local is another dictionary with local definitions.

If the local dictionary is omitted, it defaults to the global dictionary. If both dictionaries are omitted, the environment where the eval is called is used.

Below is an example of eval using the global dictionary.

In [1]: x = 100
In [2]: a = eval( 'x + 10', { 'x':20 })
In [3]: print a
30

Notice that the key/value pair in the global dictionary has precedence over a value declared before the eval in the script, data from global namespace.

Here is the exec statement again:

exec("self.%s = %s" % (k,v))

Here I am using the tuple form for exec because it makes for a very easy translation to Python 3 where exec is a function.

The general format for the tuple format is:

exec( expression [, global [, local]])

The expression can be a string, a file containing a script, or a code object. global and local are the same as in eval. As a statement, exec() does not return a value. The changes are made as side effects of the execution of the code in the expression. Below is a simple example.

In [1]: exec("%s = %d" % ("y", 25))
In [2]: print y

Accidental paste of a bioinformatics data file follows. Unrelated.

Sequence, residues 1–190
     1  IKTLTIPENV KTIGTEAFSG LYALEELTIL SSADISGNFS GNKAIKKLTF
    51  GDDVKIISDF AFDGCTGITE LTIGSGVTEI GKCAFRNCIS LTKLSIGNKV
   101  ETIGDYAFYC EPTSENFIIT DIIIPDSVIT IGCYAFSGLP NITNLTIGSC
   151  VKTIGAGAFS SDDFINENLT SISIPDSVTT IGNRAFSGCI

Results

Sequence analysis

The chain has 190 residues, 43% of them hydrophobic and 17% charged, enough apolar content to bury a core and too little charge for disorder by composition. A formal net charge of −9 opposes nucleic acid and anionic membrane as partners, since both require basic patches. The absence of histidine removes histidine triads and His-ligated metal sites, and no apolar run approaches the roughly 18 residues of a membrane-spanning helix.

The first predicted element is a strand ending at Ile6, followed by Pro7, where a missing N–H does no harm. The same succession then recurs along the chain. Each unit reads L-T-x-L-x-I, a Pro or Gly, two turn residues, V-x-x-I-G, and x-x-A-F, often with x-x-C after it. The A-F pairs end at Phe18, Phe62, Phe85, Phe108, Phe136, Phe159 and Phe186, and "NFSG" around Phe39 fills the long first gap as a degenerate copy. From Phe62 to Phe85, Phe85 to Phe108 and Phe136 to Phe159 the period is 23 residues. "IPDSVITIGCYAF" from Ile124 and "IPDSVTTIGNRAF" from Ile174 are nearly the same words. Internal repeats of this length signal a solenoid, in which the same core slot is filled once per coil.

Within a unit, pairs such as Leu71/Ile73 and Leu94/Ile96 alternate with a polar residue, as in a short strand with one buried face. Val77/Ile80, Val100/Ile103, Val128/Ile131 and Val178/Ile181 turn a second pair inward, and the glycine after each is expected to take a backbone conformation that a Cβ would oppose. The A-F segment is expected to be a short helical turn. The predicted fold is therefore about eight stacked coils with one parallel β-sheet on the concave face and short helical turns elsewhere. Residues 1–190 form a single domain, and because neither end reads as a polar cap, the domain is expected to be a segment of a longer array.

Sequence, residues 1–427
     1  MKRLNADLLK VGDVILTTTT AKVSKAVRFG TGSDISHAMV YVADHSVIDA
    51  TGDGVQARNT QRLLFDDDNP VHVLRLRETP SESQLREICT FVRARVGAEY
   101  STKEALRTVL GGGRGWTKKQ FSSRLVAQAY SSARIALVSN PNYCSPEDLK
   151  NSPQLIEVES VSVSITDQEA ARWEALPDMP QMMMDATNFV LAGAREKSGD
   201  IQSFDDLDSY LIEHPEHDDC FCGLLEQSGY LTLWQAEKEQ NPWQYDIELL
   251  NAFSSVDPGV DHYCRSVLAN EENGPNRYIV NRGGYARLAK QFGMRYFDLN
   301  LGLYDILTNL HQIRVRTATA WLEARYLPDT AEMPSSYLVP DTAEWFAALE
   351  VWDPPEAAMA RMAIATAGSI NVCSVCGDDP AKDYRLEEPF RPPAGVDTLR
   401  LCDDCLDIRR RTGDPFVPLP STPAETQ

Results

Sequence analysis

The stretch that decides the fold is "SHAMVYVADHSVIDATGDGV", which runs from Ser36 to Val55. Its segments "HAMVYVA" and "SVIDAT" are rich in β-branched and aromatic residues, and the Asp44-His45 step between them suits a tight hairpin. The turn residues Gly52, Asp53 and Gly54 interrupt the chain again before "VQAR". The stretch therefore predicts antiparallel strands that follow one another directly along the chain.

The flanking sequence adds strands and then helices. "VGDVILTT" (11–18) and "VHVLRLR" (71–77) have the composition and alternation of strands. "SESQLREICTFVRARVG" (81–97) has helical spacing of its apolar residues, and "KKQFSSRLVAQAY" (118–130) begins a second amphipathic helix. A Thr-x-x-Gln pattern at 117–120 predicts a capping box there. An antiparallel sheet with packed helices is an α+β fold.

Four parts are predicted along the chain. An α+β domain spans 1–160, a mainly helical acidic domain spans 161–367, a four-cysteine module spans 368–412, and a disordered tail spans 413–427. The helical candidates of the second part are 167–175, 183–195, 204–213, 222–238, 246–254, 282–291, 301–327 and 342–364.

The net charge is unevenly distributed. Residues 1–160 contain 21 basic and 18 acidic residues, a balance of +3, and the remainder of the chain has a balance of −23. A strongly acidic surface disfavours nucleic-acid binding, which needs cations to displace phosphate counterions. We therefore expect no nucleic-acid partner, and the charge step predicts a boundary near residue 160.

25

In the class Bag, the exec statement can add new attributes at the time the object is created. This is the original reason for looking into introspection.

I wanted to bring the Bag class definition into iPython. This blog post explores three different methods of making code in a file (a module) available to a script.

Approach 1:
I could use:

import bag

and then accessing the class Bag as:

a = bag.Bag(l = "'this'", m = 5, n = [1, 2, 3])

And executing:

In [1]: import bag
In [2]: a = bag.Bag( l = "'this'", m = 5, n = [1, 2, 3])
In [3]: a.l
Out[3]: 'this'
In [4]: a.m
Out[4]: 5
In [5]: a.n
Out[5]: [1, 2, 3]

On In [2], notice the "'this'". This is required by the exec statement used in line 4 of Figure 1 above. This will be covered after accessing the module.

Approach 2:
I could use:

from bag import Bag

and then accessing the class Bag as:

a = Bag(l = "'this'", m = 5, n = [1, 2, 3])

and executing:

In [1]: from bag import Bag
In [2]: a = Bag(l = "'this'", m = 5, n = [1, 2, 3])
In [3]: a.l
Out[3]: 'this'
In [4]: a.m
Out[4]: 5
In [5]: a.n